Living systems are extremely complex, and thus investigating their properties requires multiple experimental tools. Integrating diverse types of data generated by these different tools represents a major challenge in efforts to understand and predict biological function. Further complicating this challenge is the advent of high-throughput technologies, such as transcriptional profiling and mass spectrometry-based proteomics, that can generate enormous amounts of data. Storing and managing these high-throughput data continue to be significant issues, but a more pressing and difficult problem involves interpreting and integrating the data with current biological knowledge. Much of this problem arises because knowledge in a given field is dispersed among individual investigators or found within a generally unstructured literature. Biology, unlike mathematics, lacks a formal language to describe and codify biological understanding and relationships. Therefore, most of our knowledge of biological systems is descriptive and qualitative in nature, a level of understanding insufficient for building predictive models of biological processes. Effective approaches for data integration and analysis need to be developed to successfully exploit biological systems to address energy and environmental challenges. DOE's Genomic Science program is beginning to address these needs with its Systems Biology Knowledgebase.
This table shows three phases of technology development from less to more mature (lower left to upper right, respectively). The state of technology development for the biological systems (microbes, plants, and metacommunities) addressed in the 2010 DOE Systems Biology Knowledgebase Implementation Plan is in different stages of maturity. Technologies for microbial research and analysis currently are well into Phase I. Upon implementing this plan, the Microbial Scientific Objectives will move fully into Phase II. Though technologies are less mature for plant and metacommunities, deploying the implementation plan will result in substantial progress in Phase I and Phase II.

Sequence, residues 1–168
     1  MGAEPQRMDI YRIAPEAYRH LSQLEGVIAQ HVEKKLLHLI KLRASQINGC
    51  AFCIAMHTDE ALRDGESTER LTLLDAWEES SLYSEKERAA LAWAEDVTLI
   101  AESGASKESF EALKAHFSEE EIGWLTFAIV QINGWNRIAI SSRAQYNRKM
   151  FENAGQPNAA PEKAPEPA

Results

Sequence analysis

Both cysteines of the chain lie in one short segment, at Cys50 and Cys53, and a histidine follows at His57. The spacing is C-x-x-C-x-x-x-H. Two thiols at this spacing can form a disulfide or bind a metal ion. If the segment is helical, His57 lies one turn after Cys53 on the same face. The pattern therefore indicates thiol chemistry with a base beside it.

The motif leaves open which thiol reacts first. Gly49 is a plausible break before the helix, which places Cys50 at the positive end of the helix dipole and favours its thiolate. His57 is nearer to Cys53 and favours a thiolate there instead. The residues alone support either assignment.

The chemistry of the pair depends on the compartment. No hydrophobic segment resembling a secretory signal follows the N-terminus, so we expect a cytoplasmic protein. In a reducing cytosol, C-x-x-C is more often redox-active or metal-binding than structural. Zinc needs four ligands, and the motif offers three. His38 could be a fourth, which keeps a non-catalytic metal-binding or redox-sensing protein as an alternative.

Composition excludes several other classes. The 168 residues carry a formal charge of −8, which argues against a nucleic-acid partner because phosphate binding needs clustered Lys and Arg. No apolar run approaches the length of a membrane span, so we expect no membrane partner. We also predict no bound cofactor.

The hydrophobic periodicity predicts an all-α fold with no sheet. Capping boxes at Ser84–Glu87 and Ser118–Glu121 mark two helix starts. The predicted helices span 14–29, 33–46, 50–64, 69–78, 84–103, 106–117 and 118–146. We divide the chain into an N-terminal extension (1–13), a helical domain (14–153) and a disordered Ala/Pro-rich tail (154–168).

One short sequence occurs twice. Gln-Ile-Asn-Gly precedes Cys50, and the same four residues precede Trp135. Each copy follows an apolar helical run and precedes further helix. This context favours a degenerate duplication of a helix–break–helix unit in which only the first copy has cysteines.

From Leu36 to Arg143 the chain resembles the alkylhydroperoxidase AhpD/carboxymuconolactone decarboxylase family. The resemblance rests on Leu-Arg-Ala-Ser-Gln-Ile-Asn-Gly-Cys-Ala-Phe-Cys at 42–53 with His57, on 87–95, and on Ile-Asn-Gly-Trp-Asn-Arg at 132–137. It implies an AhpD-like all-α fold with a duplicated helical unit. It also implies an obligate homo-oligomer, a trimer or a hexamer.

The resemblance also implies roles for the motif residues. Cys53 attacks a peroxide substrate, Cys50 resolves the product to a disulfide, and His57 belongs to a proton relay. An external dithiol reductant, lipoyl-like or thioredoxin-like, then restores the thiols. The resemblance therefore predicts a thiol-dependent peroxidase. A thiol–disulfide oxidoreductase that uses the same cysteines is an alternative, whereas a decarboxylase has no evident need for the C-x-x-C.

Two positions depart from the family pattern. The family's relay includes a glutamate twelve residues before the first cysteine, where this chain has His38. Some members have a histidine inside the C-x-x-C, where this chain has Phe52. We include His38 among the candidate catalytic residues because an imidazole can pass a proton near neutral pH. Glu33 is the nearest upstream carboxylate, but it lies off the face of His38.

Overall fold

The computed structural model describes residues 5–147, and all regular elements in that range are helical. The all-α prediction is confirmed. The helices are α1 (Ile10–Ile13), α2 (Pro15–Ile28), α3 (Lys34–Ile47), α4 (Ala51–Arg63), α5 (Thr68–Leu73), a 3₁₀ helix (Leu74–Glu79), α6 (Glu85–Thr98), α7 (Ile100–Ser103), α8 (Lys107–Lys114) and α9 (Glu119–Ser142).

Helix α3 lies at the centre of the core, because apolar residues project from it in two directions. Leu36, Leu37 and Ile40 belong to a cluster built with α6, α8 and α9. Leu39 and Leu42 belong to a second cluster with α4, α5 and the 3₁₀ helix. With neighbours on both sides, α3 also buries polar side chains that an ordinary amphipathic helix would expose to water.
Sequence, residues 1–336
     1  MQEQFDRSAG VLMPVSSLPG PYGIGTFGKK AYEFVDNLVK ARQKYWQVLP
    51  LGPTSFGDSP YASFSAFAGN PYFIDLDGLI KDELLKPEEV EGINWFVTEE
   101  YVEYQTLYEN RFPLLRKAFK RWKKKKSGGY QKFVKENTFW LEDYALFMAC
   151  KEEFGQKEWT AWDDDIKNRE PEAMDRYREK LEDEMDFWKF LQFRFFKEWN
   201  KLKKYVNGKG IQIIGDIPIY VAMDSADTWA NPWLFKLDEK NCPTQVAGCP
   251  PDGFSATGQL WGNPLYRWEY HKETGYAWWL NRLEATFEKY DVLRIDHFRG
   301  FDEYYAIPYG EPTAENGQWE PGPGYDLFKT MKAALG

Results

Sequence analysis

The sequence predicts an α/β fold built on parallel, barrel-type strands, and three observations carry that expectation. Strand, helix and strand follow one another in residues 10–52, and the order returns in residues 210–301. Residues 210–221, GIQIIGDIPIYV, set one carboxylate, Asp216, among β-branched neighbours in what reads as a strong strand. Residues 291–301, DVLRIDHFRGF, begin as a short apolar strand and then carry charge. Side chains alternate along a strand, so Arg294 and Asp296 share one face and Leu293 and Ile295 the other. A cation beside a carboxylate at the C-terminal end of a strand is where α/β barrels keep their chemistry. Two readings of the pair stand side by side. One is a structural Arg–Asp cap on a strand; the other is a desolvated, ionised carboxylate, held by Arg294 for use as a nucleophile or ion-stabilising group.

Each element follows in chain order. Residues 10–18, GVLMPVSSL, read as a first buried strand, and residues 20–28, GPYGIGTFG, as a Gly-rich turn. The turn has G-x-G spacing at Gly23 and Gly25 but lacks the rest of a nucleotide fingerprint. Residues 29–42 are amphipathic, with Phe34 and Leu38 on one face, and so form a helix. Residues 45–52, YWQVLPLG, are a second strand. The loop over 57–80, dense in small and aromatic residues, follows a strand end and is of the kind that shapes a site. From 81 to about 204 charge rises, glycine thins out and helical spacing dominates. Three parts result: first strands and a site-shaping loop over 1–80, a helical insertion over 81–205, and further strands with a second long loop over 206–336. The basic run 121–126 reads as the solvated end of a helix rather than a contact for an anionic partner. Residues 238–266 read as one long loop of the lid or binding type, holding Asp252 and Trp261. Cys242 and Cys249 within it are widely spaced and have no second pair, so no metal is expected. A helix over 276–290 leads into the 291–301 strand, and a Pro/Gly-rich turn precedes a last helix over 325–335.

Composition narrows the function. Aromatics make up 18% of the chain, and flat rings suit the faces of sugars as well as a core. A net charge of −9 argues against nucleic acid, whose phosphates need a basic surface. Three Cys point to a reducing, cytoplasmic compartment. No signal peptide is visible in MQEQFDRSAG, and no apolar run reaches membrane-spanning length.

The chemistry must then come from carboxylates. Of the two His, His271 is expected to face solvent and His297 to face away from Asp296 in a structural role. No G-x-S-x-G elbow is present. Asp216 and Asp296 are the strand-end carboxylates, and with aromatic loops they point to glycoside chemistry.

Credit or Source: Office of Biological and Environmental Research of the U.S. Department of Energy Office of Science. science.energy.gov/ber/
U.S. DOE. 2009. U.S. Department of Energy Office of Science Systems Biology Knowledgebase for a New Era in Biology: A Genomics:GTL Report from the May 2008 Workshop, DOE/SC-113, U.S. Department of Energy Office of Science. (p. vii) (website)
US DOE. 2009. New Frontiers in Characterizing Biological Systems: Report from the May 2009 Workshop, DOE/SC-0121, US Department of Energy Office of Science. (p. 33) (website)
U.S. DOE. 2010. DOE Systems Biology Knowledgebase Implementation Plan. U.S. Department of Energy Office of Science (p. vii) ( website)
Prepared by the Biological and Environmental Research Information System, Oak Ridge National Laboratory, genomicscience.energy.gov/